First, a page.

<p>I think that you used wrong bluetooth module and wired wrong Battery position</p>
<p>I really want to do this build but I only have 2- 2watt 4ohm speakers lying around. Can I still do it with these speakers or is there something I would need to change to make this build work?</p>
<p>hi, </p><p>what is the voltage of the battery your using? </p><p>also, can you tell me the exact capacitors you use? (specs and where to get them would be great )</p><p>thanks</p>
<p>can somebody please provide me a picture of exactly where to solder wires and pieces together? And maybe steps as well</p><p>Thx</p>
<p>where about do u connect the wires? It isn't very clear in the images.</p><p>Please provide images(examples) of where to solder</p><p>Thx</p>
<p>Nice Article but i have one question which is similar to other,</p><p>Bluetooth Module you are using have 4 pin two for power 1 for TX and 1 for RX</p><p>Kindly explain pin configuration with audio jack</p>
<p>How can I identify the left and right as well as the ground on a 4 pin Bluetooth module and is it necessary to connect it with an aux jack? </p>
<p>same question here..how can i connect an aux jack to a 4 pin Bluetooth module?</p>
<p>Was thinking about using this process to convert an older radio from an antique store into a bluetooth capable player for my parents as a gift. Seems easy enough.</p>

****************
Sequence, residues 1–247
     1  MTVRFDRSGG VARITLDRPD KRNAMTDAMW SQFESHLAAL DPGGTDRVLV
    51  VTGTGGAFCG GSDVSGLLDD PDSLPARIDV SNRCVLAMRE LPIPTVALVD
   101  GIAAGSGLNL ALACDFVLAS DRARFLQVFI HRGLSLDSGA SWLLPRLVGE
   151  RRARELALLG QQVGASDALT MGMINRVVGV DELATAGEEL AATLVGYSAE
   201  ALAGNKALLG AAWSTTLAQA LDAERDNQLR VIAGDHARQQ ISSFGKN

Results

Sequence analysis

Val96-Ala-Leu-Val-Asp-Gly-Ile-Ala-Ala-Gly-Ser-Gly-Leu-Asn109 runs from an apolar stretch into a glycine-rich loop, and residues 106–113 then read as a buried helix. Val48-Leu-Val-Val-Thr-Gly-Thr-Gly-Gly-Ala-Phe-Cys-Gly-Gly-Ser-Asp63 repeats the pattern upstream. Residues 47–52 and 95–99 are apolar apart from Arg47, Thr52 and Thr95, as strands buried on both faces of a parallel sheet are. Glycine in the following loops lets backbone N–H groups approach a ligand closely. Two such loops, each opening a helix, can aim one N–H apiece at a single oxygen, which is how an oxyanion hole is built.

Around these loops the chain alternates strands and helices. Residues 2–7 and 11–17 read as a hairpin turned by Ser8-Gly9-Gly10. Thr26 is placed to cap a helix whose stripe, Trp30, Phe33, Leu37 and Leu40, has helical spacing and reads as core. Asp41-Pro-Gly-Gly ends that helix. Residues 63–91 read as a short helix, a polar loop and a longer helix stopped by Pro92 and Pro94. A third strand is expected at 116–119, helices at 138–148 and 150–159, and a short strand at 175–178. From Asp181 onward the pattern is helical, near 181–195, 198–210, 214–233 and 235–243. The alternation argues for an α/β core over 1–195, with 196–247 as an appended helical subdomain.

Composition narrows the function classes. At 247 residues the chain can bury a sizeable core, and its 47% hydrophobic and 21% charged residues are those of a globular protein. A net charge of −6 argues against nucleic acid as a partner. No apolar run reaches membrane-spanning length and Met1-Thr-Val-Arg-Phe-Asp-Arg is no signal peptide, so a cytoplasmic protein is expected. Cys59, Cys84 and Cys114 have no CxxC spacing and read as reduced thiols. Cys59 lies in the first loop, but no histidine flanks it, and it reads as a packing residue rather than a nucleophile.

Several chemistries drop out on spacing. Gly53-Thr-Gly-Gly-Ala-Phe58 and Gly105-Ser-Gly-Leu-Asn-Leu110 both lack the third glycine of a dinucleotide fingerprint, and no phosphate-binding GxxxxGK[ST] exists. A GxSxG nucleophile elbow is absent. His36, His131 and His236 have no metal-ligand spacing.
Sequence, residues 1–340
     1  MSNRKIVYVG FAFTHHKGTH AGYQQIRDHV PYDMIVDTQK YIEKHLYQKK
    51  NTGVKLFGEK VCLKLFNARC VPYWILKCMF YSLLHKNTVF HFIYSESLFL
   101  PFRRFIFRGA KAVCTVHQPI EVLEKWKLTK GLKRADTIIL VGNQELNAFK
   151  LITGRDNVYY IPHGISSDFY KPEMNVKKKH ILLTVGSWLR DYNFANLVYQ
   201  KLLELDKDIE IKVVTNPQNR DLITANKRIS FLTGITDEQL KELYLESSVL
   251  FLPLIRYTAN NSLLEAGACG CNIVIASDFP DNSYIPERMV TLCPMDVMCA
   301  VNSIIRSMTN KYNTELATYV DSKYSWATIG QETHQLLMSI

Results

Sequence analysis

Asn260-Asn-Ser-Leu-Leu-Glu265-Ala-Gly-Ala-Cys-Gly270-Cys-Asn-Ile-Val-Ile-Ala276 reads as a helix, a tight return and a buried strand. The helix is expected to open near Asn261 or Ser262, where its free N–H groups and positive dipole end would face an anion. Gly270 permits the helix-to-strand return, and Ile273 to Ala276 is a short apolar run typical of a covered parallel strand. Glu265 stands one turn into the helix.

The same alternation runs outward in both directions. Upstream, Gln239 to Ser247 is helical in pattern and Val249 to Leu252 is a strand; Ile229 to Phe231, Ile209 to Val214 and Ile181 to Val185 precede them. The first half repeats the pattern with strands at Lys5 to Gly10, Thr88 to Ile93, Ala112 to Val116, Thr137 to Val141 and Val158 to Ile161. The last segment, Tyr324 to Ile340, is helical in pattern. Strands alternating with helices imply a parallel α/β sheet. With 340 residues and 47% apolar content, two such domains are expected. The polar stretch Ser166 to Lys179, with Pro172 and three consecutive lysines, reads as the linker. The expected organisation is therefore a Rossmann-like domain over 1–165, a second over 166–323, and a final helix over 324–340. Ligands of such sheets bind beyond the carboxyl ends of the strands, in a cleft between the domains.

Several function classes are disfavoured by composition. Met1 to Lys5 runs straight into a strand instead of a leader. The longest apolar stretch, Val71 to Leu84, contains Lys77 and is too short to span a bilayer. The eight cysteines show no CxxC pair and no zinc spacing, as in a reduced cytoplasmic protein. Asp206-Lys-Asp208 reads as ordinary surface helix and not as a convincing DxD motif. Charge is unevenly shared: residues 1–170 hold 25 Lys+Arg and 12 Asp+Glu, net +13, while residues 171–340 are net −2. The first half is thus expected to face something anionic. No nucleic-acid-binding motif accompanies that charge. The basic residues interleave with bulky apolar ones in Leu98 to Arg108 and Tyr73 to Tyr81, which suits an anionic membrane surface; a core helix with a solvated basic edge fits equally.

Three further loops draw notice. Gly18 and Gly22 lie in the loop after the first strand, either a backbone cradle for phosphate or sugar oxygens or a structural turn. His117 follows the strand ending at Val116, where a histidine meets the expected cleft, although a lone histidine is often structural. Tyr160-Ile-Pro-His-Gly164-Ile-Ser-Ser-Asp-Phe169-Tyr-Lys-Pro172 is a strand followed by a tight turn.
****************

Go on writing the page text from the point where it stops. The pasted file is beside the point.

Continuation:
<p>Can you please update the parts and materials list to match the diagram you show? For example, the parts list shows a 3.5mm Stereo Jack yet the bluetooth adapter used includes a 3.5mm jack so I do not believe that a separate one is necessary. Also the picture shows some brownish capacitors and 100uF capacitor that are not listed in the parts list. Finally there is a red and green indicator in the picture but what part is that?</p>
Thanks for your tutorial! I have made one box with two amplifiers and four speakers. It sounds quite well but I'm not able to remove bluetooth transmission noise, did you solve this problem?? Thanks again from Spain!
I'm new to this electronics stuff, and none of my family seem to know, so please excuse me if this question is ridiculous: what is at the other end of the 3.5mm stereo jack?
<p>Very nicely done! Useful and fun. I may dig out some old stuff and re-purpose it.</p>
<p>Thank you! Fun indeed. Right now I'm working on a video tutorial on making an AirPlay/ Bluetooth/ Aux speaker with some audiophile grade drivers involved. :)</p>
<p>Does the BT module have native support for stereo? Does the BT need any programming?</p>
If i used waterproof speakers, Jack and switch would it be waterproof
<p>You would need to use IP67 or IP68 Jack and switch.<br>http://aceeca.com/handhelds/ip67</p>
<p>Why do you need the resistors between the amp ad module?</p>
<p>a low pass filter</p>
How to connect the bluetooth module to the 3.5 mm audio jack
I have only one suggestion for you. Hole saw. Not absolutely necessary, and not exceptionally cheap, in fact one hole saw bit probably costs more than the whole project, but if you are looking for a slightly more polished look, it would make the holes for the speakers less rough looking. And it can be used for other projects. whenever I need a hole cut and I don't already have been one of the size I need, I just add it to my collection. <br>Nice work BTW. <br>Cheers!

About This Instructable


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Bio: Join me as I build fun and random weekend projects!